One reason for the weak associations between physician and patient global ratings may be that physicians were asked to estimate the severity of a single target condition rather than the patient's overall health. Patients, on the other hand, were asked about their overall health and thus may have taken into account the sum effects of all their physical and psychological disorders. Along this line, patients were also asked to rate the severity of their target disorder in terms of the impact on five salient activities, and this measure was associated with physician-estimated disease severity (Table 4). Of note, recent research suggests generic measures that assess the impact and distress of health conditions from the patient's perspective may be useful across a variety of diseases [32, 33]. A second reason may be that even when assessing the same condition, patients and physicians may focus on different factors or assign different weights to similar factors. For example, physicians may be more accurate in assessing objective measures of disease severity (including functional or physiological changes apparent only on physical examination or diagnostic testing) whereas patients may be more sensitive to symptoms and functional impairments that are not recognized or are under-appreciated by the physician. Regardless of the reasons for discordance, the fact that patient and physician ratings appear at least partly independent of one another means that both perspectives may be useful to researchers and clinicians.

The patient factors found to be associated with physician-estimated disease severity were consistent in both linear and logistic regression models. Nonetheless, these results should be considered the most exploratory of our findings. Some of the patient variables have face validity in their association with physician-estimated disease severity, such as physical role functioning, patient self-rated disease impact on activities, general health perceptions, and long-term smoking. Also, asthma is a more episodic condition than either CAD/CHF or COPD, being manifested in many patients with quiescent periods of varying duration rather than chronic daily symptoms or progressive deterioration. Demographic variables such as age and gender might be associated with prognostic factors physicians consider but were not measured in this study. At the same time, it is important that age or gender bias does not lead physicians to overestimate disease severity in older patients or underestimate it in women. Although greater severity estimates for patients at the public hospital site could theoretically be due to physician attitudes or unmeasured patient factors, this is confounded by differences in geographic location as well as substantially different clinical workloads of physicians at the two sites. The fact that retired subjects had better physician-rated health could reflect, in part, selection bias.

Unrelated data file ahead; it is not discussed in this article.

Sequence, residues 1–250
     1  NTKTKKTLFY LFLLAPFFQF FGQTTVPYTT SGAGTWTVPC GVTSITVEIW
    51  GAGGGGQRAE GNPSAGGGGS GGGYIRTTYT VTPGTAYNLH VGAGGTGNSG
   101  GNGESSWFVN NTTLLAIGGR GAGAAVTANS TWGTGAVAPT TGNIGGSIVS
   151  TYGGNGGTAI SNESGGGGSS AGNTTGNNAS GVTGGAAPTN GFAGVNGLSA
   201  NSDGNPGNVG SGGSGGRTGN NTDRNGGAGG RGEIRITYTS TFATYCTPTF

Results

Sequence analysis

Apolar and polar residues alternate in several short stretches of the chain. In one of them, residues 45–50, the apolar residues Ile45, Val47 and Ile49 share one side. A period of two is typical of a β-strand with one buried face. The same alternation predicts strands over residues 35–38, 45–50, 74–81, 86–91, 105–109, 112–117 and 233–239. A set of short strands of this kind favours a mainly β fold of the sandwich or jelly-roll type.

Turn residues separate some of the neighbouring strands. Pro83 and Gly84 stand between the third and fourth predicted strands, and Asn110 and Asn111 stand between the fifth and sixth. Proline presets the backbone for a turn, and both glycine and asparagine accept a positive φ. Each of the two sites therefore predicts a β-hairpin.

Compared to their skills in diagnosis and therapy, physicians feel less comfortable with their prognostic abilities [34, 35]. The modest research conducted in this area has been principally in seriously ill hospitalized or terminally ill cancer patients [1419]. One study found that physician estimates had an independent effect beyond models incorporating other risk factors in predicting survival in patients with coronary disease [36]. Another study revealed that in patients presenting to an emergency department with chest pain, the physician's global estimate of the likelihood of myocardial infarction was the single strongest predictor of the patient actually having an infarction [37]. Other investigators found that in predicting return to work in patients with coronary disease, both physicians' and patients' estimates had independent prognostic value [38]. However, physicians relied predominantly on medical variables (cardiac status and comorbidity) whereas patients' estimates were based on overall health status as well as job-related variables. Finally, the physician's estimate of whether laboratory tests will be abnormal has independent predictive value beyond other clinical data [39].